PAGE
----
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2023 Mitsubishi Outlander PHEV: Better than Toyota RAV4 Prime? [First Drive]

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When I announced I would be driving the 2023 Mitsubishi Outlander PHEV on social media, I was immediately beset with a singular question: Is it better than the Toyota RAV4 Prime.

The answer: No. And yes.

Let’s be clear: I really like the 2023 Outlander PHEV. Mitsubishi did an amazing job with the technology and interior appointments. And any day you get to go play in mud to see how the S-AWC keeps you from getting stuck is a good day.

But, strictly speaking, in terms of fuel efficiency, the RAV4 Prime is a better plug-in hybrid. Don’t get me wrong, there’s still a lot of good things on the Outlander PHEV that make it worth considering over the RAV4 Prime.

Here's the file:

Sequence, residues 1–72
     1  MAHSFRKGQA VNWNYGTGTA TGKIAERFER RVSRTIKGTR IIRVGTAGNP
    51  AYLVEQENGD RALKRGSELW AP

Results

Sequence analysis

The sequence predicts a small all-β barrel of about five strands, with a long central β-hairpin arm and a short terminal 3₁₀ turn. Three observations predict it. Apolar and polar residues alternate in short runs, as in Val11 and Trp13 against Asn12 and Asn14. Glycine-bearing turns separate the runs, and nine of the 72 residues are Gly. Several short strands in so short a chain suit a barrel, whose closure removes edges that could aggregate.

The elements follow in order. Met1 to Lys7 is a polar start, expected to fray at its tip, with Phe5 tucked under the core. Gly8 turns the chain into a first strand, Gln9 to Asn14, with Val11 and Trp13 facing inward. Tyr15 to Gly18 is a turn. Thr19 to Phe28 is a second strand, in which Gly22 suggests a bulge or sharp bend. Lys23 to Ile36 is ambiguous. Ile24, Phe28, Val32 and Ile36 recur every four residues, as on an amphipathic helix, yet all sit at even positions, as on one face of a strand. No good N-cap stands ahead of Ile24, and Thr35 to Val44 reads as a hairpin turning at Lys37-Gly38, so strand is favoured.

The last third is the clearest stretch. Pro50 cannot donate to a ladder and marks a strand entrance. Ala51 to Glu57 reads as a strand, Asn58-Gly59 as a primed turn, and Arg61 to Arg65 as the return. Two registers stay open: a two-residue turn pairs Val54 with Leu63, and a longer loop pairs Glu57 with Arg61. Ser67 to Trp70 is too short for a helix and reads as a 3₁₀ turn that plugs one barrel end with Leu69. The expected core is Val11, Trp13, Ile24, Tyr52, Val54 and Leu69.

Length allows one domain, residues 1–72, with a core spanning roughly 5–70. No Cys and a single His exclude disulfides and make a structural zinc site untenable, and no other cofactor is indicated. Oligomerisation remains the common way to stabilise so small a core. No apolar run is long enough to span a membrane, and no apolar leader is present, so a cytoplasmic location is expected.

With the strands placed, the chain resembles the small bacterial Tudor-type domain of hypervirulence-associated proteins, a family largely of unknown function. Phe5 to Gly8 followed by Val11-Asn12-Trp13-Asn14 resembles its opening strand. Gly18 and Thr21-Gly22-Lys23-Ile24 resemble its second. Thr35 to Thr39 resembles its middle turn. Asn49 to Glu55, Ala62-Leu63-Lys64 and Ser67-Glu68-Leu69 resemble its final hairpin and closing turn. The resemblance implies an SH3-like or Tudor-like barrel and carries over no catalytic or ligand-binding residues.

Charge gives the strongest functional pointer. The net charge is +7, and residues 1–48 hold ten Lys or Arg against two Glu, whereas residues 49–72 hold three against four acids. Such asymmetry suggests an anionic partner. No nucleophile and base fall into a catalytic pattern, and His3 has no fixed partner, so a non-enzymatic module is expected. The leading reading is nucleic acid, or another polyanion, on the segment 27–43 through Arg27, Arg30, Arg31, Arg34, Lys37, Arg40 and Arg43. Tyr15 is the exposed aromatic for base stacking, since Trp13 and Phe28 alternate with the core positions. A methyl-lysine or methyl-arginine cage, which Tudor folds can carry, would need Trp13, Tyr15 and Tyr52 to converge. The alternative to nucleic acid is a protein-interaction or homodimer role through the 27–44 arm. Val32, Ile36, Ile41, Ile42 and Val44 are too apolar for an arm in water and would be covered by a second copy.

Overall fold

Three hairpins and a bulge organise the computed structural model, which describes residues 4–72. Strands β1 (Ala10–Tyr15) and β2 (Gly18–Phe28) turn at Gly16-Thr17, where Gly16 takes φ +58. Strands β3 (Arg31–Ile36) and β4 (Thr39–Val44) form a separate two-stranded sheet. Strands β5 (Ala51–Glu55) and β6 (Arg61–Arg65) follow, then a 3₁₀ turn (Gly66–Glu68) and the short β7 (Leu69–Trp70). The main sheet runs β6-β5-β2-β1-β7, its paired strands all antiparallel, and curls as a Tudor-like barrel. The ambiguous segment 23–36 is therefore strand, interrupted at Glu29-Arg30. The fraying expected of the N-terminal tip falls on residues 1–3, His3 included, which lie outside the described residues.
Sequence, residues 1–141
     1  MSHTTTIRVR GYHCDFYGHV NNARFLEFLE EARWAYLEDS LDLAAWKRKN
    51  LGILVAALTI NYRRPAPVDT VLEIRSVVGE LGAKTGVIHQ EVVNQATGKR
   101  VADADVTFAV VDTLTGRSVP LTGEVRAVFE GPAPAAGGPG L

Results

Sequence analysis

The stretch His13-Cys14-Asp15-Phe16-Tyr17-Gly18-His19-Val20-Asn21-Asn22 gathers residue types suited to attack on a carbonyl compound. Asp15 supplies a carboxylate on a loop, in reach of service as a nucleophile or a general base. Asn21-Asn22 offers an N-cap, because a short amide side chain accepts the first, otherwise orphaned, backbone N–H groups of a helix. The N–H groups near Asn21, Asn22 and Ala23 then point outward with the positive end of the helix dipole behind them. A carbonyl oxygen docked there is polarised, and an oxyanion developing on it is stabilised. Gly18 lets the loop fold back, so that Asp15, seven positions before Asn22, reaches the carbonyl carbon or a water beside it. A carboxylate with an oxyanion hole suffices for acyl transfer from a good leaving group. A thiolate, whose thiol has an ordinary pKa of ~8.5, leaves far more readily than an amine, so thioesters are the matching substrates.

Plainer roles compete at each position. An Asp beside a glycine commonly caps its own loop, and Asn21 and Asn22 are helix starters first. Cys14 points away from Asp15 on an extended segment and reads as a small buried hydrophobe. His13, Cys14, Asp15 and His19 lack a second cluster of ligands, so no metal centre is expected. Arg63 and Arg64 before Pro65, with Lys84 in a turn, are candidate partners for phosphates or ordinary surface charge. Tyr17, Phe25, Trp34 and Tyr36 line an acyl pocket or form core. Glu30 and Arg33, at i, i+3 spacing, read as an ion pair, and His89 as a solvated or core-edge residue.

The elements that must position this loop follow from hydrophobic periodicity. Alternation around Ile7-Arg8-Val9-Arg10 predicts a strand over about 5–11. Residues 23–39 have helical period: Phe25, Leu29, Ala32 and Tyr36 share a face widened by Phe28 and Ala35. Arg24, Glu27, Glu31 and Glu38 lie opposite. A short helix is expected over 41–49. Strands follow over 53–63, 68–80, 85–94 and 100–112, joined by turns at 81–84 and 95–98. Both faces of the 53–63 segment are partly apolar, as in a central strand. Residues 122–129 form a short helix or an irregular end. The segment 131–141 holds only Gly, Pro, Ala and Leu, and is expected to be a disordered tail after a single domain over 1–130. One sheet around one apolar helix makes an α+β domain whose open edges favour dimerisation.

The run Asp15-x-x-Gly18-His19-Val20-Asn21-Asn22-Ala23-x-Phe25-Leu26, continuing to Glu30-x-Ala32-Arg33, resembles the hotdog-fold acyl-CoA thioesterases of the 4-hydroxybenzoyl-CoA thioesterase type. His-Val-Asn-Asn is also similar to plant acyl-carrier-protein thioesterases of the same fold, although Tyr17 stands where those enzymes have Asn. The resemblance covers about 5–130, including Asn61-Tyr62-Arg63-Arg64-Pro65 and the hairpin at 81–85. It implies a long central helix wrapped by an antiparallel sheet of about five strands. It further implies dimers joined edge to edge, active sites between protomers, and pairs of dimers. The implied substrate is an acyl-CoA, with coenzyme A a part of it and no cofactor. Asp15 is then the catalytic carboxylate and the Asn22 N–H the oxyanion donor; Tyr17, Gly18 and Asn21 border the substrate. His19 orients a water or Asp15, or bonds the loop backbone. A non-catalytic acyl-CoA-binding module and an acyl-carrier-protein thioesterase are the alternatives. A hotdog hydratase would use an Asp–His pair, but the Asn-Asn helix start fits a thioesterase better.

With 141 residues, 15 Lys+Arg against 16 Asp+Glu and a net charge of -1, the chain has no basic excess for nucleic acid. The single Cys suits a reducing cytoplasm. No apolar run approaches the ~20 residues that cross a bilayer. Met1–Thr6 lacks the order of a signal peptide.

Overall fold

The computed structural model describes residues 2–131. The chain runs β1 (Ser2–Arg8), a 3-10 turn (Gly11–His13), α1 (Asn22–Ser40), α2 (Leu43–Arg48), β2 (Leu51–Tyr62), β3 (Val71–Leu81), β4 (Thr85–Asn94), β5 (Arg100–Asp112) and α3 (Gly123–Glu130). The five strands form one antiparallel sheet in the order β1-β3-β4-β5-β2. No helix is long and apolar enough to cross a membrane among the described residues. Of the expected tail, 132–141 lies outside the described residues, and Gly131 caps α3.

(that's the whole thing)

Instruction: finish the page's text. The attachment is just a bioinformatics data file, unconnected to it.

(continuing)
All-electric range

All-electric range and fuel efficiency aren’t those things. Don’t get me wrong, the 2023 Outlander PHEV is no slouch with an all-electric range of 38 miles. That’s more than enough range for me – and most people – to do daily driving. Then it has the added punch of a larger fuel tank, which brings total range to 420 miles with a full charge and a single tank of gas.

However, electric range and fuel efficiency do lag behind the Toyota plug-in. The Outlander PHEV gets 64 MPGe with the PHEV powertrain, but the gas-only fuel economy is a meager 26 MPG. In addition to 42 miles of electric range, the RAV4 Prime has 94 MPGe and 38 MPG.

On numbers alone, that might send you to the RAV4 Prime waiting list without passing Go. But I’m going to tell you to collect that $200 and continue reading. It’s not that simple.

How the Outlander PHEV wins the range war